SRC approves agreements with five Renaissance charter schools

PHOTOS: TOM GRALISH / STAFF PHOTOGRAPHER In advance of yesterday's final School Reform Committee meeting of the summer, members of the Philadelphia Coalition for Public Schools marched to demonstrate for more school funding.
PHOTOS: TOM GRALISH / STAFF PHOTOGRAPHER In advance of yesterday's final School Reform Committee meeting of the summer, members of the Philadelphia Coalition for Public Schools marched to demonstrate for more school funding.
Posted: August 23, 2013

THE SCHOOL REFORM Commission last night approved license agreements for five Renaissance charter schools, among other resolutions, during its last meeting before the school year begins.

There were spirited speeches, a fair share of boos and frustrated audience members carrying posters criticizing the district, and a well-attended protest outside district headquarters, but last night's SRC meeting was more subdued than last week's emergency session, during which the commission unanimously voted to suspend certain sections of the state public-school code.

The license agreements will result in some money being paid to the district for use of school space. Combined pay from Mastery Charter Pastorius Elementary, Universal Alcorn Charter and Young Scholars Renaissance Kenderton Charter will generate $277,540 annually through June 2018, while Universal Audenried and Universal Vare Promise Neighborhood Partnership Charter schools will pay $391,944 and $186,000, respectively, per year until June 2016.

A few speakers at the meeting also brought up concerns about reports of shared classrooms at Powel Elementary in West Philadelphia's Powelton section. Robin Dominick, head of the school's Home and School Association, whose daughter was by her side when she addressed the SRC members, told them she found out Wednesday the school is expected to have combined second- and third-grade classes.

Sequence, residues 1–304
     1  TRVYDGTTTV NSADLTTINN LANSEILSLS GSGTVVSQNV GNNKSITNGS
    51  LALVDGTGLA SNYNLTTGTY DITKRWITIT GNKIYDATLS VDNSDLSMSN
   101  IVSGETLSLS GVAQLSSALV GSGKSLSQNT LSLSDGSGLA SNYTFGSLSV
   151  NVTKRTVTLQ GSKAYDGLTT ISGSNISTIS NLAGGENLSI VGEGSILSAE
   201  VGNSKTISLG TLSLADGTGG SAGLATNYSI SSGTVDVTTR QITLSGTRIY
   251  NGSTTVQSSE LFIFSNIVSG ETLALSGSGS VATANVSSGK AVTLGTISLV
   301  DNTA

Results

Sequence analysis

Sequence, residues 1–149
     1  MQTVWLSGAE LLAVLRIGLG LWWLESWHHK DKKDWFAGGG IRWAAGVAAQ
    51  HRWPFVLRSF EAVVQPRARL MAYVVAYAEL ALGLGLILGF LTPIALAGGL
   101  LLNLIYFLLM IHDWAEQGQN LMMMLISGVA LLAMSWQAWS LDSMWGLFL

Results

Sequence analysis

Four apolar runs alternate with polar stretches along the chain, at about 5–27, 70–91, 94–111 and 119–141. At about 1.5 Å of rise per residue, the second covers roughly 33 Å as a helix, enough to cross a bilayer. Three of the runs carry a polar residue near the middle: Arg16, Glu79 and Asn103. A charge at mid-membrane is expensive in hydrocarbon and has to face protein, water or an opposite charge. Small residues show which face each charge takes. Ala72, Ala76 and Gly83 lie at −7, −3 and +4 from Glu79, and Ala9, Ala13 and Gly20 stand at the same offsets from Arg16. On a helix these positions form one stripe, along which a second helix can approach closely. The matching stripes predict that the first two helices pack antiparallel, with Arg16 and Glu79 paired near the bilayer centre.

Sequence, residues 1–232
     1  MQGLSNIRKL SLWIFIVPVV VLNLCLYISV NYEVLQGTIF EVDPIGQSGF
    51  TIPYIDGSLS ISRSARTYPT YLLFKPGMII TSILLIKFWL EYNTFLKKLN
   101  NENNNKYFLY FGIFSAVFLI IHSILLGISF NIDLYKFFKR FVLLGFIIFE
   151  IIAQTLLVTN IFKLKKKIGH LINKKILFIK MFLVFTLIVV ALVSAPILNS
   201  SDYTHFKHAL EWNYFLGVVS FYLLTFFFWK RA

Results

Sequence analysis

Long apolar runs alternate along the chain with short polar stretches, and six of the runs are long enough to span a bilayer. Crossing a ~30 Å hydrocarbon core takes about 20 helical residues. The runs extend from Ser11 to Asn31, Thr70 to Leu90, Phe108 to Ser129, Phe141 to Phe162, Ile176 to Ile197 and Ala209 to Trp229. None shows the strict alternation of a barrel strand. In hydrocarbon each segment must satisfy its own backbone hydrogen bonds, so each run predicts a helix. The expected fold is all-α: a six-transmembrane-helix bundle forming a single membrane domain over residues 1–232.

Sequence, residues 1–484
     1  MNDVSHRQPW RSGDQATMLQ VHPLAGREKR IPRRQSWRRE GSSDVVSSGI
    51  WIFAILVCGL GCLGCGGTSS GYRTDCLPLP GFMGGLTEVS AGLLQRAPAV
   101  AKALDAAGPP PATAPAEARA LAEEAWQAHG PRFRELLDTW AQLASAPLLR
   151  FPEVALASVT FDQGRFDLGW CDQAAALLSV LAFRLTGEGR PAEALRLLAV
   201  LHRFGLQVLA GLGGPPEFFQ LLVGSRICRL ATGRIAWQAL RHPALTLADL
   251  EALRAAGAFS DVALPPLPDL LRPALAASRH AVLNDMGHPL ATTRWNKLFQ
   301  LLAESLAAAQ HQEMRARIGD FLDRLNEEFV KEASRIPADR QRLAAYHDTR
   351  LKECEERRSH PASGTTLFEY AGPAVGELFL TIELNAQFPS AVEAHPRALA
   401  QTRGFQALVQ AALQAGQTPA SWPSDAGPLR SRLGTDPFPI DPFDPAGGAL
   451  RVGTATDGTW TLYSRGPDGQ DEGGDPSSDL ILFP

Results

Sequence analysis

Referring to her daughter, Dominick said, "Can you tell her what to do when a third-grader picks on her? . . . There's no one to go to. No aide, no guidance counselor."

The three SRC members in attendance - Wendell Pritchett, Sylvia Simms and Feather Houstoun - also approved a controversial resolution involving the acceptance of a $228,000 gift from the Science Leadership Academy Home and School Association. The funds will pay for the salaries and benefits of two SLA teachers for the upcoming school year.

"They have taken care of their own children," said Joan Taylor, who called herself a "proud and determined teacher," in speaking about the donation to SLA.

"Their action, although well-intentioned, makes it harder for other schools who cannot do the same," Taylor continued. She also said SLA has set up expectations for other prosperous schools to follow the example and could lead Harrisburg legislators to push for other public schools to self-fund.

"SLA and a few other schools has, in effect, created its own gated community," she said.


On Twitter: @ReginaMedina

Online: ph.ly/DNEducation

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